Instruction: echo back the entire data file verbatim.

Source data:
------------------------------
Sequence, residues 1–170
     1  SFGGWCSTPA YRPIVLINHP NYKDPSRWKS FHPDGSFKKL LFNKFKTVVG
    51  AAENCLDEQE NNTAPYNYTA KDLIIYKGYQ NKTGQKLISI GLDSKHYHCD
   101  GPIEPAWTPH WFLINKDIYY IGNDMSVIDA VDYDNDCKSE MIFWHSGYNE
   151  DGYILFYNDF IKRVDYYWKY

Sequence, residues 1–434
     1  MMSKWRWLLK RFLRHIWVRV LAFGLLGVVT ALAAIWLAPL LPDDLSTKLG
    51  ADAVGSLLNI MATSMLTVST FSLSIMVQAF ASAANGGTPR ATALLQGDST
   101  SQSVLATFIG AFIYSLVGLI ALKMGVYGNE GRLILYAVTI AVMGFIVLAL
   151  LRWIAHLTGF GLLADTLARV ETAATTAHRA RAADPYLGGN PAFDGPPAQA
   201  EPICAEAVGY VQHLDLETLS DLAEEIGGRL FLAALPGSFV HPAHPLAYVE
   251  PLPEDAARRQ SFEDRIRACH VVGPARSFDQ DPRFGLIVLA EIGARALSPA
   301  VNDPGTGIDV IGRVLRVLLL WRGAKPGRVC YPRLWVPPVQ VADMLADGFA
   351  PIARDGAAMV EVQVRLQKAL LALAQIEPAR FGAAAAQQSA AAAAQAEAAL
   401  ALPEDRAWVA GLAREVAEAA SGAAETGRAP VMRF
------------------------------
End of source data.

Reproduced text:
Sequence, residues 1–170
     1  SFGGWCSTPA YRPIVLINHP NYKDPSRWKS FHPDGSFKKL LFNKFKTVVG
    51  AAENCLDEQE NNTAPYNYTA KDLIIYKGYQ NKTGQKLISI GLDSKHYHCD
   101  GPIEPAWTPH WFLINKDIYY IGNDMSVIDA VDYDNDCKSE MIFWHSGYNE
   151  DGYILFYNDF IKRVDYYWKY

Sequence, residues 1–434
     1  MMSKWRWLLK RFLRHIWVRV LAFGLLGVVT ALAAIWLAPL LPDDLSTKLG
    51  ADAVGSLLNI MATSMLTVST FSLSIMVQAF ASAANGGTPR ATALLQGDST
   101  SQSVLATFIG AFIYSLVGLI ALKMGVYGNE GRLILYAVTI AVMGFIVLAL
   151  LRWIAHLTGF GLLADTLARV ETAATTAHRA RAADPYLGGN PAFDGPPAQA
   201  EPICAEAVGY VQHLDLETLS DLAEEIGGRL FLAALPGSFV HPAHPLAYVE
   251  PLPEDAARRQ SFEDRIRACH VVGPARSFDQ DPRFGLIVLA EIGARALSPA
   301  VNDPGTGIDV IGRVLRVLLL WRGAKPGRVC YPRLWVPPVQ VADMLADGFA
   351  PIARDGAAMV EVQVRLQKAL LALAQIEPAR FGAAAAQQSA AAAAQAEAAL
   401  ALPEDRAWVA GLAREVAEAA SGAAETGRAP VMRF